From February to August, I pulled double duty—working full-time in communications and marketing at the Lilly Family School of Philanthropy, and interning at The West Foundation, an Indianapolis-based family foundation that focuses on international grantmaking.
My internship has come about because of another dual role—being an employee and a part-time master’s degree student at the Lilly Family School of Philanthropy. As part of the master’s degree program, students are required to take an internship and a corresponding class in order to earn practical experience working in the philanthropic sector. I’m fascinated by foundations, and since I worked part-time at a community foundation last summer, I knew I wanted to learn more about the work of a private foundation.
I’m also incredibly interested in international philanthropy and development. I knew that living in the middle of the country might make it difficult to find an international grantmaker, so I was positively giddy when I learned about The West Foundation and their work, and even more excited when I heard they were looking for an intern!
Digging Deeper into Philanthropy
Once I started interning at the foundation in a communications and grants role, I realized how unique it was. Not only is it a family foundation that grants internationally, all while located in the heart of the Midwest, it strongly emphasizes strengthening partnerships with its grantees. Emily West, the executive director of the foundation and granddaughter of its founder, mentioned that the foundation focuses on the needs of the grantees, not on the needs of the foundation.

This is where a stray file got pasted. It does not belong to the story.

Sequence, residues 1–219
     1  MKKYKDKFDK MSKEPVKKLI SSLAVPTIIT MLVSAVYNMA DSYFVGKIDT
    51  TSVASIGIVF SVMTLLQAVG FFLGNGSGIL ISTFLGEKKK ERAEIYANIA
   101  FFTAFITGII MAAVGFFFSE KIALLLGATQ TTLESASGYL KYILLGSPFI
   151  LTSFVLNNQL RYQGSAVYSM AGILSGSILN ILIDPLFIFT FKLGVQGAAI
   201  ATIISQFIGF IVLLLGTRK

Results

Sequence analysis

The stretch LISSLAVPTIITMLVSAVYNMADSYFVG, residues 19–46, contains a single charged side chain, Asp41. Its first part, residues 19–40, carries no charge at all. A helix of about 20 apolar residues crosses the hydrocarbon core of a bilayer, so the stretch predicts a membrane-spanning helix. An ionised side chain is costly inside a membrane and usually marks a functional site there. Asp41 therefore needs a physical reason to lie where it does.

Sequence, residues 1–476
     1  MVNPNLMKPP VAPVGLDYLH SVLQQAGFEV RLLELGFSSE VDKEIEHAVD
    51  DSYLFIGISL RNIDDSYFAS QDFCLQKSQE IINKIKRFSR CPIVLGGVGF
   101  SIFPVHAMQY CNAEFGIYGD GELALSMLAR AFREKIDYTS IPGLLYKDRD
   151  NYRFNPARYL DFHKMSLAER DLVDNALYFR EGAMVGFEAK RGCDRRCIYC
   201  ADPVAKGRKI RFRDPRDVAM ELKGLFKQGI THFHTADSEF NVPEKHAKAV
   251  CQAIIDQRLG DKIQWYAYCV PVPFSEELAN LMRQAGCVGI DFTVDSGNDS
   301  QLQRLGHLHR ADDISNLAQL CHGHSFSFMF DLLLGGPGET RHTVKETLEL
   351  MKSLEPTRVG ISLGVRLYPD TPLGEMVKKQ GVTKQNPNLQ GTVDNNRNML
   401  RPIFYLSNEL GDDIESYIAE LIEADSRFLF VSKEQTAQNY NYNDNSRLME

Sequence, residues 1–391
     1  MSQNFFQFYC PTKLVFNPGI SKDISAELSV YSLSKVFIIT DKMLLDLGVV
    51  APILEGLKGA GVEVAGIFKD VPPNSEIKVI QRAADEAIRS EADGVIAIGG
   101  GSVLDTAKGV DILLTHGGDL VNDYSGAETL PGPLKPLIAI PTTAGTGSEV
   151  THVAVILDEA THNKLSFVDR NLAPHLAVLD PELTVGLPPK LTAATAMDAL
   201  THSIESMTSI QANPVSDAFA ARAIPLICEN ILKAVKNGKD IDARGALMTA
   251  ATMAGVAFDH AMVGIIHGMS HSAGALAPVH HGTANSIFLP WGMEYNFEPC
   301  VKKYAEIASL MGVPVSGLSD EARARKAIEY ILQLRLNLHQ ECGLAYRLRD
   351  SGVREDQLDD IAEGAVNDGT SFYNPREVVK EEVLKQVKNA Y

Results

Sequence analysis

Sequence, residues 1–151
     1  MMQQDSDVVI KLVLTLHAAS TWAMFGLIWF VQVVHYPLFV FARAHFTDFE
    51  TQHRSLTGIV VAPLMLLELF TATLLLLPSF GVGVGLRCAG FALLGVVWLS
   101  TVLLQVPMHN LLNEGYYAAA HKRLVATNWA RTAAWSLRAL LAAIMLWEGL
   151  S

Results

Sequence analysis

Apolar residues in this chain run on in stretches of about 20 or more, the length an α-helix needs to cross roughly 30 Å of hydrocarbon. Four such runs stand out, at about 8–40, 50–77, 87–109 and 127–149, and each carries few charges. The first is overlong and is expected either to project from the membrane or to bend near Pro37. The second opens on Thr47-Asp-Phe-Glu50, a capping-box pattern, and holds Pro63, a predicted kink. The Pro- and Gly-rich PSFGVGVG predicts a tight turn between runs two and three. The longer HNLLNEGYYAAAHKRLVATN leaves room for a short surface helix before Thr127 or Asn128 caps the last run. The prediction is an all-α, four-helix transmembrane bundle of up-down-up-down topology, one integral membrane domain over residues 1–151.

For me, it’s been exciting and rewarding to see how my learning from classes can and does apply to The West Foundation. I took a course called “Grantmaking and the Role of Foundations” in the spring, where we read Joel Fleishman’s book The Foundation: A Great American Secret; How Private Wealth is Changing the World. Comparing Fleishman’s quite sunny perspective on the role of foundations with the mission and vision of The West Foundation was interesting, and I remember thinking throughout the course how different The West Foundation acted in its grantmaking then some foundations who have very strict application and reporting guidelines. I admire The West Foundation as one who builds relationships and trusts its grantees to do their work without having strict reporting requirements. As someone passionate about philanthropy, the past six months have illustrated that foundations can act as good partners for their grantees. Building and maintaining solid relationships requires trust, but foundations can more equally and equitably balance the role of the foundation as a funder and the role of the grantee by trusting that organizations will ask for money that best fulfills their needs and helps them further their impact.
Thinking About the Next Generation
I’ve enjoyed working in a family foundation where one family member serves as executive director and two others volunteer on the board. I’m a member of a family that has a foundation—my grandparents began their charitable foundation about 25 years ago in Fort Wayne, Indiana. As of now, my grandmother and her five children run the foundation as board members (my grandfather died about two years ago, but he played an active role on the board when he lived). Eventually, the reins of this foundation will pass to my cousins and I—the third generation to serve on the board and help carry out my grandparents’ visions.